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1360.0 - Measuring Australia's Economy, 2003  
Latest ISSUE Released at 11:30 AM (CANBERRA TIME) 03/02/2003   
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Growth in full-time employment resumed in October 1992. Slower growth from mid 1995 to mid 1997 was followed by a resurgence to August 2000 which has since faltered. At August 2002, full-time employment stood 0.3% below the August 2000 peak of 6.72 million; 15% above the low point in September 1992.

Total employment returned to growth later, in February 1993. Since then, the general trend in total employment has been rising more quickly than full-time employment. Strengthening growth in part-time employment has accelerated the divergence between total and full-time employment over the last two years. In August 2002, total employment stood at 9.34 million, 22% above the January 1993 low point.





EMPLOYED PERSONS
Period
Full-time aged
15–19 years

’000
Full-time aged
20+ years

’000
Total full-time

’000
Total part-time

’000
Total

’000

TREND (AUGUST)
1997
220.1
6048.5
6268.6
2164.5
8433.1
1998
216.7
6191.1
6407.8
2238.3
8646.0
1999
237.8
6274.6
6512.4
2317.1
8829.5
2000
240.6
6476.9
6717.5
2404.5
9122.0
2001
234.5
6384.4
6618.9
2542.6
9161.5

TREND (MONTHLY)
2001–02
September
232.6
6391.0
6623.6
2544.5
9168.0
October
230.2
6404.0
6634.2
2546.9
9181.1
November
227.8
6417.7
6645.4
2554.7
9200.2
December
225.6
6430.5
6656.1
2566.3
9222.4
January
224.2
6441.3
6665.5
2580.4
9245.9
February
223.5
6448.8
6672.3
2593.9
9266.2
March
223.7
6452.3
6676.1
2605.8
9281.8
April
224.2
6452.0
6676.2
2616.1
9292.3
May
224.4
6450.8
6675.2
2625.9
9301.2
June
224.1
6453.6
6677.7
2633.7
9311.5
2002–03
July
223.5
6461.2
6684.6
2639.6
9324.2
August
222.6
6472.0
6694.6
2642.7
9337.3

Source: Labour Force Australia, (6203.0), Monthly data.


Explanatory Notes

The Labour Force Survey collects Australia's official estimates of employment and unemployment each month by interviewing a sample of some 63,000 persons in private households and other dwellings (e.g. hotels, motels). The survey covers the usually resident civilian population of Australia aged 15 or more.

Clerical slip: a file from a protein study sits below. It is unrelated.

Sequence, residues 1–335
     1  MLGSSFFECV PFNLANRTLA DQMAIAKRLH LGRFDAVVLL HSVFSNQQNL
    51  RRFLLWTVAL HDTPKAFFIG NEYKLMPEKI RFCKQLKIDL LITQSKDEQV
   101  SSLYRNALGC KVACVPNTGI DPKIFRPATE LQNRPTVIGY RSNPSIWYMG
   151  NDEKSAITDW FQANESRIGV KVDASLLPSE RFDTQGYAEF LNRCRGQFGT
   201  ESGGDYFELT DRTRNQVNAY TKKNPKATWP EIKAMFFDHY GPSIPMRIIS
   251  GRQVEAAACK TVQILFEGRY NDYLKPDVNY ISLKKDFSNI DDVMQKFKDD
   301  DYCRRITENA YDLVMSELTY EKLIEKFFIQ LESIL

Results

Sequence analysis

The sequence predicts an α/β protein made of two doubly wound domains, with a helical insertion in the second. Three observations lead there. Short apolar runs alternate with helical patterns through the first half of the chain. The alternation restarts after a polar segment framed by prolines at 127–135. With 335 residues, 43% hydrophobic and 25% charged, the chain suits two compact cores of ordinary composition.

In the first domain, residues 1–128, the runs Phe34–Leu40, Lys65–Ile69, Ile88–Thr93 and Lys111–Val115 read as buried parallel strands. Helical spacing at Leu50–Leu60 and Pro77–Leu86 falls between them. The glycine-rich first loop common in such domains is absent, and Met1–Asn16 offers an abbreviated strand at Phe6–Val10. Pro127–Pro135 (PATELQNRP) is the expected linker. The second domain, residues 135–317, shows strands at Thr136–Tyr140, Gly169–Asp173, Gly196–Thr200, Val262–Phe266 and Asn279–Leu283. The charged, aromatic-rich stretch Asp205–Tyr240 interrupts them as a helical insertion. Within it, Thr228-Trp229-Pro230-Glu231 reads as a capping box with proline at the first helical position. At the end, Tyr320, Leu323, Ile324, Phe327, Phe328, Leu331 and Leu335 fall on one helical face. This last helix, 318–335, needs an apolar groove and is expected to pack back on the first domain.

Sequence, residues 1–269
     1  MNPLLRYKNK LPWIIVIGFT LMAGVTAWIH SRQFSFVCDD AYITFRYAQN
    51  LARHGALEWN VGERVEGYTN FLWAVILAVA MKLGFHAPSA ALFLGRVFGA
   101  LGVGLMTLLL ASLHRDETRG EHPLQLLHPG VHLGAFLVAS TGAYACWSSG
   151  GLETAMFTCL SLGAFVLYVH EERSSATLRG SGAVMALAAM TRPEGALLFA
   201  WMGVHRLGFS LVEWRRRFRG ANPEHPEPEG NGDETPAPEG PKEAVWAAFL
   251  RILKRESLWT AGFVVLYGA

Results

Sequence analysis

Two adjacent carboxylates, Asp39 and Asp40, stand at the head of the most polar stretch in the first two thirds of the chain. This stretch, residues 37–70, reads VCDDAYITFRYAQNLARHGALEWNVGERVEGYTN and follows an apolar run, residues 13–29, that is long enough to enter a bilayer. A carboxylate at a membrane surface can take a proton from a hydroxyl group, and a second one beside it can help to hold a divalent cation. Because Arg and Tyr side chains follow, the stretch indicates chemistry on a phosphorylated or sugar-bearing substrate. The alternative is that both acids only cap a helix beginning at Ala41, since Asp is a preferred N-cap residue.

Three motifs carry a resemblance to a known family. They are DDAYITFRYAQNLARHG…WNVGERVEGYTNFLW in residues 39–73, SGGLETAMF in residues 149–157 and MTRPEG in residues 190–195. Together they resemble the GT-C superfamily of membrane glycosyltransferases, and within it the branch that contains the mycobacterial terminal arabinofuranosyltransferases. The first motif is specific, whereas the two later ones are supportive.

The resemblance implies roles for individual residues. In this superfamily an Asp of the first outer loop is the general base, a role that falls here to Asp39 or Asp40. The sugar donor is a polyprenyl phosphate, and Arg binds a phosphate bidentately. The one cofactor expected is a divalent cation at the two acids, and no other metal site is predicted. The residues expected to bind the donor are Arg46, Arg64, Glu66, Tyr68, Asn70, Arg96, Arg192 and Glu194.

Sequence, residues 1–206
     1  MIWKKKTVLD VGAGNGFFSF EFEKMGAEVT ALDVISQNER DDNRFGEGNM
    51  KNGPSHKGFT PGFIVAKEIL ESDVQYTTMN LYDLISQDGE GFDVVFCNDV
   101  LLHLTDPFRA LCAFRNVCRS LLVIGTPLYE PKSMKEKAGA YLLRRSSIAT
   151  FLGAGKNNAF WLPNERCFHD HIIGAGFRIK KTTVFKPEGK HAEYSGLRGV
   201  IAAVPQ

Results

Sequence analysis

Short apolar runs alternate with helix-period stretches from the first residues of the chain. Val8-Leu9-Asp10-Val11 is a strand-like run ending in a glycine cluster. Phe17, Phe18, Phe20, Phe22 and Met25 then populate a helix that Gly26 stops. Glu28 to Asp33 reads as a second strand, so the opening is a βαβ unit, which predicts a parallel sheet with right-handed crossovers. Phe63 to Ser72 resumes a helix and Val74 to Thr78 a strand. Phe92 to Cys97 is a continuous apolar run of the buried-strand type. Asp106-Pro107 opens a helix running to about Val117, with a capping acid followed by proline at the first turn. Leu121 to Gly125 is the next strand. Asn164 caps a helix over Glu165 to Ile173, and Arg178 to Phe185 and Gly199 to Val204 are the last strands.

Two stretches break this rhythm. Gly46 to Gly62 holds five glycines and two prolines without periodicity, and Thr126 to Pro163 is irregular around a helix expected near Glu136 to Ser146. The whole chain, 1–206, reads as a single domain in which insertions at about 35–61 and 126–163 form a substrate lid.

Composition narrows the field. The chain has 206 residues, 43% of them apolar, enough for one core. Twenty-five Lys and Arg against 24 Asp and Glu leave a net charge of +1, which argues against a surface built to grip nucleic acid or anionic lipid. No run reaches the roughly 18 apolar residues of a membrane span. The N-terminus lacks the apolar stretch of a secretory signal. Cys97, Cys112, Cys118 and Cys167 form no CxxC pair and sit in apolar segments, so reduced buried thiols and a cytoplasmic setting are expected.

Employed persons are those aged 15 years and over who, during the reference week:
  • worked one hour or more for payment of any kind or profit in a job, business or farm, or
  • worked one hour or more without pay in a family business or farm, or
  • were employees who had a job but were not at work for various defined reasons, or
  • were employers, or own account workers who had a job but were not at work.

The requirement to work for one hour or more ensures that the employment measure reflects all persons contributing to economic production.

Full-time workers are employed persons who usually work more than 35 hours a week or did so during the reference week.

Employment is an indicator of economic activity, although turning points in the employment series tend to lag turning points in the business cycle.

Government departments, financial markets, industry organisations and academic analysts use employment data to monitor the economy’s performance and to develop economic and labour market policy. Employment (and unemployment) data are also used as social indicators by government departments, research organisations and welfare organisations.


Further Reading

Labour Force, Australia, Preliminary (6202.0)
Monthly. Estimates of employment, unemployment, unemployment rate and labour force participation rate, classified by State and Territory, sex, age, school and tertiary attendance, full-time/part-time status. On the ABS web site, see Statistics - Employment and unemployment.

Also see the Labour Force Framework reading list.

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